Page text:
CUTTING THROUGH THE RED TAPE | This publication reached out to DOB to get to the bottom of things, and Senior Deputy Press Secretary Andrew Rudansky outlined the particulars of this situation — as well as how things are supposed to work in these circumstances.

Rudansky said that back in June, licensed master plumber Harris Scott Rosen of Triple Crown Plumbing filled out permits to restore the gas. DOB showed up right away to do the inspection.

“But the plumber said, ‘Never mind, I’m not ready, I don’t want you to inspect it.’ So that’s an automatic fail for not inspecting it. And that’s the last time we had heard from the plumber,” recalled Rudanksy. “Basically as of right now, our entire team is aware of this problem, and as soon as we get the request to inspect the finished work, we can be there in an hour.”

The DOB said that any time a plumber requests an inspection, they will be there within 24 hours, for properties across all boroughs. Assuming the work is done correctly and the system is safe, they will grant the gas authorization, which the plumber then takes to the local utility — in this case, Con Edison — who can restore the gas.

Amrani’s husband, Saul Weitz, said he spoke to Rosen and pressed him for a case number to follow up with the DOB. “He said he was out working and didn’t have it on him, but then the next day he wouldn’t answer my calls,” noted Weitz. “He has been saying that he had to do a gas integrity test, then let the DOB in to inspect it, and then if it’s okay they’ll give authorization. He claims it will take two weeks because of Thanksgiving.”

Over at Councilmember Johnson’s office, Green reached out to Sidney Rubell’s daughter, Elaine Gorlechen, who now owns many of his properties, as well as the plumber, to get the DOB case number.

“They said that new meter bars had recently been installed and the plumber was testing them, and would then schedule an inspection to turn it on,” said Green. “We are working with DOB and Con Ed to expedite this.”

Shortly after, Rudansky called this publication to say the plumber had contacted DOB to “let us know he intends to request an inspection, although he hasn’t yet. He said it should happen shortly.”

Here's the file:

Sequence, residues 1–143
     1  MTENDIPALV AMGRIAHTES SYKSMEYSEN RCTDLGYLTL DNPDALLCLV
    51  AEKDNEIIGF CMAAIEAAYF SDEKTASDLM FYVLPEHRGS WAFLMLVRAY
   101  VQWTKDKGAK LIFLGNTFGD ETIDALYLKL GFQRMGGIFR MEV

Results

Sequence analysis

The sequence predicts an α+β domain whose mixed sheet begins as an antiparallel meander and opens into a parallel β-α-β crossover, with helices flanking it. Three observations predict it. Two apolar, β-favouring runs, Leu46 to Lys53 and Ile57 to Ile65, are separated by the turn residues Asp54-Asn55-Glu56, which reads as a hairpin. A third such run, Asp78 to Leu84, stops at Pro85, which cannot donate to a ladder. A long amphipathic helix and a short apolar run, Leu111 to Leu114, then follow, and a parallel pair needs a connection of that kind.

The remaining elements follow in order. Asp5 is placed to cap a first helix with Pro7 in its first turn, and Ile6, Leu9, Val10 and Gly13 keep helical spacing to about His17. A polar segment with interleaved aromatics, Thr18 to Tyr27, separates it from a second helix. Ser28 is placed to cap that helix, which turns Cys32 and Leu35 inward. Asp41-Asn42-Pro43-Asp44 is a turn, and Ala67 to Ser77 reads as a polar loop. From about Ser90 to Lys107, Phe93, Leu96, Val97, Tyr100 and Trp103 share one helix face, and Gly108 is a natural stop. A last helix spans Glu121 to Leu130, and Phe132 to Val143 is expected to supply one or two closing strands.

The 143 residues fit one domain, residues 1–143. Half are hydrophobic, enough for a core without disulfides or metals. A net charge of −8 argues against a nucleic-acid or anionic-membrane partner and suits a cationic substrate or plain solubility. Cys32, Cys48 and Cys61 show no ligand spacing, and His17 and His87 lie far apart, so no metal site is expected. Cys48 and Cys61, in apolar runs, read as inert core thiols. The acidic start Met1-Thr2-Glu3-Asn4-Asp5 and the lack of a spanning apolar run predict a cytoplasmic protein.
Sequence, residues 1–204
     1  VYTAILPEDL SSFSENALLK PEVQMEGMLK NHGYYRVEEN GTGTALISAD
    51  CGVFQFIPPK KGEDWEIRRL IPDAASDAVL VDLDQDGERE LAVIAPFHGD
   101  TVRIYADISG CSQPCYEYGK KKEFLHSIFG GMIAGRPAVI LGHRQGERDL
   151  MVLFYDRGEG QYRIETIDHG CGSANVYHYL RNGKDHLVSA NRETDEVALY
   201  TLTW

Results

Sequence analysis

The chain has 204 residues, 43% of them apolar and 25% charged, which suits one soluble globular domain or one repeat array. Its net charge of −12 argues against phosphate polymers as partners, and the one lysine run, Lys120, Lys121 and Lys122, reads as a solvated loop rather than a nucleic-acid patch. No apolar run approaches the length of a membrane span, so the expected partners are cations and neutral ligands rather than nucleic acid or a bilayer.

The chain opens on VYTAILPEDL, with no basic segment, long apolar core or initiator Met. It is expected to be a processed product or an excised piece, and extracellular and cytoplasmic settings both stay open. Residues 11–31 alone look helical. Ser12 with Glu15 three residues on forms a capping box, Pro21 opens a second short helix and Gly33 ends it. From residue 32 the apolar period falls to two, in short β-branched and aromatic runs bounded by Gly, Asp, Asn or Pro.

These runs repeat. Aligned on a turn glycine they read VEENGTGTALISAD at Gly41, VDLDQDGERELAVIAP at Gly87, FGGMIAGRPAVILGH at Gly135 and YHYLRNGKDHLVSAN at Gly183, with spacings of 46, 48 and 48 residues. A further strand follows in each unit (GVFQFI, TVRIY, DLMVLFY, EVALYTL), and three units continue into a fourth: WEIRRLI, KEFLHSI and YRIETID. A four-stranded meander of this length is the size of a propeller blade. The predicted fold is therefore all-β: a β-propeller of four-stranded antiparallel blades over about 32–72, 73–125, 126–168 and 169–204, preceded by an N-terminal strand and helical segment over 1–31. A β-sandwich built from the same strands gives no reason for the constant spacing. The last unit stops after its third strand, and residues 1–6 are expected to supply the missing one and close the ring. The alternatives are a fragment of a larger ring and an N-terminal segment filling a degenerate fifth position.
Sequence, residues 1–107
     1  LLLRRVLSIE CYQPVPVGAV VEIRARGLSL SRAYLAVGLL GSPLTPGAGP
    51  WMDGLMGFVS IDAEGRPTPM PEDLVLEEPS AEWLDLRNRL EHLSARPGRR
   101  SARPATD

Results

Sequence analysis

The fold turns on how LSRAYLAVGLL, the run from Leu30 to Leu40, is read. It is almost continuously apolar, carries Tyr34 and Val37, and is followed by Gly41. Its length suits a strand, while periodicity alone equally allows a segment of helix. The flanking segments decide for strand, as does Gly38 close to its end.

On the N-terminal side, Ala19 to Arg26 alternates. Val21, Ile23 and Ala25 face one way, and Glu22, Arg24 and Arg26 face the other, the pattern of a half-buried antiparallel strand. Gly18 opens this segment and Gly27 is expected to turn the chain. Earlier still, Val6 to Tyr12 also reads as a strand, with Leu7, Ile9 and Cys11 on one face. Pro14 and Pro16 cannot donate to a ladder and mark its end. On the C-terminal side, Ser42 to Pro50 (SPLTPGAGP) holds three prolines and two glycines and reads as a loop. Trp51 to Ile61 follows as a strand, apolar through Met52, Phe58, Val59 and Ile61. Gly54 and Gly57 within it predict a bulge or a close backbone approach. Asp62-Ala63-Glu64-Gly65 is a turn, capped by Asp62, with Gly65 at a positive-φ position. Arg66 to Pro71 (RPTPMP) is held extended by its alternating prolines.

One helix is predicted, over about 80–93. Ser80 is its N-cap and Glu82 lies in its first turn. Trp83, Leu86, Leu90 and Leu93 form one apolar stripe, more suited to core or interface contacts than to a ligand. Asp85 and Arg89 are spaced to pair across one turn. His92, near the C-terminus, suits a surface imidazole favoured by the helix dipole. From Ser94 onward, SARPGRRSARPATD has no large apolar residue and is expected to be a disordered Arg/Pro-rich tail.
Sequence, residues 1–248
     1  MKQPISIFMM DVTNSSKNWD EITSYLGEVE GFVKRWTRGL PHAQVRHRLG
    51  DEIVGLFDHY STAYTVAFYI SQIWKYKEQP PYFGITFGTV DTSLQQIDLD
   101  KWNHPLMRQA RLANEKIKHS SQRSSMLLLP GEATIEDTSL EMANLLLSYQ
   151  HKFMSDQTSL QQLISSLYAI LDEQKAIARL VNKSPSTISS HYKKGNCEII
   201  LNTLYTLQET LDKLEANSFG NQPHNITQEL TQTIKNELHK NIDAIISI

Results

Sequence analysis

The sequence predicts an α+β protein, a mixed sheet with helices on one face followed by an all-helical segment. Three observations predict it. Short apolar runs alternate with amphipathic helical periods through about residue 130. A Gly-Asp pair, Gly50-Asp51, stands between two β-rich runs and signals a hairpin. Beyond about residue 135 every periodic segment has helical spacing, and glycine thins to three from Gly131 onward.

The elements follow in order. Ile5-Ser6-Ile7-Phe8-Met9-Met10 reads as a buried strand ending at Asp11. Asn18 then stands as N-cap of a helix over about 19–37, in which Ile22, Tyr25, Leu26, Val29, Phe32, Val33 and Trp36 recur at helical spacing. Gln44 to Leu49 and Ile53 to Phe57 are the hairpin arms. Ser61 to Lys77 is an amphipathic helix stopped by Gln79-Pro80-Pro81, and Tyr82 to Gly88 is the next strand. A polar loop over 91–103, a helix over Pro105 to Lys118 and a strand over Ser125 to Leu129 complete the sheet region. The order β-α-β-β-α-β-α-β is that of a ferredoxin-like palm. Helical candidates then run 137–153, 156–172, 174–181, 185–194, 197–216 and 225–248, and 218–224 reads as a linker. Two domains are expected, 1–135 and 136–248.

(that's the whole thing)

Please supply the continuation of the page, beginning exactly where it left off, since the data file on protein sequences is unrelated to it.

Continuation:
When Rosen was contacted last week, he said, “I am setting up for the gas test and then I’ll put in to get it tested. This week, I don’t know — I’ll try to do some of the work tomorrow and Wednesday, but we should have it all done by the end of next week. Then I’ll set it up. We’re down to the final stretch now; it sure took long enough.”

Some of the tenants at 336 W. 17th St., where the building has been without gas for nearly 30 months. Top row, L to R: Craig Roseberry and Danny Quinones. Bottom row, L to R: John Martin Gutenkauf and Calder Kusmierski Singer. Photo by Scott Stiffler.

LACK OF UTILITES PART OF ‘HARASSMENT BY NEGLECT’ | Seeing these cooking gas problems get resolved has given some hope to Calder Kusmierski Singer, a tenant at 336 W. 17th St. (btw. Eighth & Ninth Aves). Like 311 W. 21st St., this 15-unit apartment building was formerly owned by Sidney Rubell Company. Although Singer has only resided in the building since March 2016, he said the building has also been without gas for nearly 30 months.

“It was more of the same with no cooking gas, but now it has gotten much worse,” said Singer. “The heat and hot water drop out at least twice a week. Every single non-stabilized tenant lease is not renewed, so the building is half-empty.”